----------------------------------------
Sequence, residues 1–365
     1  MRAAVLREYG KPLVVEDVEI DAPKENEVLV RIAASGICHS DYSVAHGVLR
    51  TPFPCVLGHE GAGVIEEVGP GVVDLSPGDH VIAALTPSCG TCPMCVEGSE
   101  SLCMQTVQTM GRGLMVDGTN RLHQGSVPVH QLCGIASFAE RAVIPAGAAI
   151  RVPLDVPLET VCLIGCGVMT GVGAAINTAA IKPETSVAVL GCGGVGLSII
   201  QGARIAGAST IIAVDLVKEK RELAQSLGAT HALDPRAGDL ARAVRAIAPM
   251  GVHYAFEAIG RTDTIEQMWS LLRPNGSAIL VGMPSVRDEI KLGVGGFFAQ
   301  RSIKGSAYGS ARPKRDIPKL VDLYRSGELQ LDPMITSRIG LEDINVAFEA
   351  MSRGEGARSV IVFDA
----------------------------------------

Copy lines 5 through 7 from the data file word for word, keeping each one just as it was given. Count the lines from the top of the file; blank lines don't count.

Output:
   151  RVPLDVPLET VCLIGCGVMT GVGAAINTAA IKPETSVAVL GCGGVGLSII
   201  QGARIAGAST IIAVDLVKEK RELAQSLGAT HALDPRAGDL ARAVRAIAPM
   251  GVHYAFEAIG RTDTIEQMWS LLRPNGSAIL VGMPSVRDEI KLGVGGFFAQ